Farmers faced tough times. While most Americans enjoyed relative prosperity for most of the 1920s, the Great Depression for the American farmer really began after World War I. Much of the Roaring '20s was a continual cycle of debt for the American farmer, stemming from falling farm prices and the need to purchase expensive machinery. When the stock market crashed in 1929 sending prices in an even more downward cycle, many American farmers wondered if their hardscrabble lives would ever improve.
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***LOGIN REQUIRED*** This lesson gives students a better perspective as to how acreage is determined. Using the computer in their pocket students learn to calculate area in feet and acres. Using their results the can calculate biomass, board feet per acre, or even the amount of electrical fencing needed to protect a meadow.
AG Shop Safety Grade Level: 10th-12thSubject: Technology, Power, Structure, and TechnologyDuration: 100 minutesDOK Level: 3SAMR Level: Redefinition Indiana Standard: APST-1.1 Explain the importance of safety in agricultural mechanics APST-1.2 Identify and differentiate between safe and unsafe work practices APST-1.3 Describe the methods utilized to implement safe work practicesObjective: Students will be able to identify and point out safe and unsafe practices in the ag shopEssential Question: What is Ag shop safety?Procedure: Show the video Wood shop SafetyGive the Shop Safety presentationHave the students create and write a safety scene skitPerform the skitsProduct or Assessment: Students will be assessed on the safety unit test.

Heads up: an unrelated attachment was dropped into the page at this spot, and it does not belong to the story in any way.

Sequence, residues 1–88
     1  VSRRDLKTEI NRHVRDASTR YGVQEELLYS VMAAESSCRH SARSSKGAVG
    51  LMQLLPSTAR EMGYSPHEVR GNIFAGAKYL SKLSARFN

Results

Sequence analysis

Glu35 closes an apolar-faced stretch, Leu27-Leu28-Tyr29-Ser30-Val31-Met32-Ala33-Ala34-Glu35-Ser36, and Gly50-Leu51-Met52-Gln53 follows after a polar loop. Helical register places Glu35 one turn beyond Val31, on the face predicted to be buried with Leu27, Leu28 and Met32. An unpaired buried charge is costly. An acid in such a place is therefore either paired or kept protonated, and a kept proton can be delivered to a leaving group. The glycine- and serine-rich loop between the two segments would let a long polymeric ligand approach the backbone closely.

Your local grocery store conducted a survey of their customers and found that customers want to know where their food comes from. The store has hired your team to create an augmented reality video that will be triggered by an image at the grocery store and tell the story of where that food product came from.
In this seventh grade science Atmosphere and Weather Unit, students will explore the atmosphere, air and water quality, the water cycle, the greenhouse effect, global warming, climate change, and human-environment interaction through a number of experiments, interactive webquests and projects. They will be exposed to the STEM practices behind growing and agriculture in a hands-on, experiential and experimental life science growing project. They will create terrariums in two-liter soda bottles and will focus on the importance of understanding meteorology and the cycling of water and gasses in and out of the Earth and atmosphere in order to effectively plan, grow and harvest.
- Material Type:
- Lesson Plan
- North Carolina State University
- Provider Set:
- Kenan Fellows Program for Curriculum and Leadership Development
- Illana Livstrom
- Date Added:
***LOGIN REQUIRED*** The Agriscience/Intro to Agriculture course helps students acquire a broad understanding of a variety of agricultural areas, develop an awareness of the many career opportunities in agriculture, participate in occupationally relevant experiences, and work cooperatively with a group to develop and expand leadership abilities. Students study California agriculture, agricultural business, agricultural technologies, natural resources, and animal, plant, and soil sciences.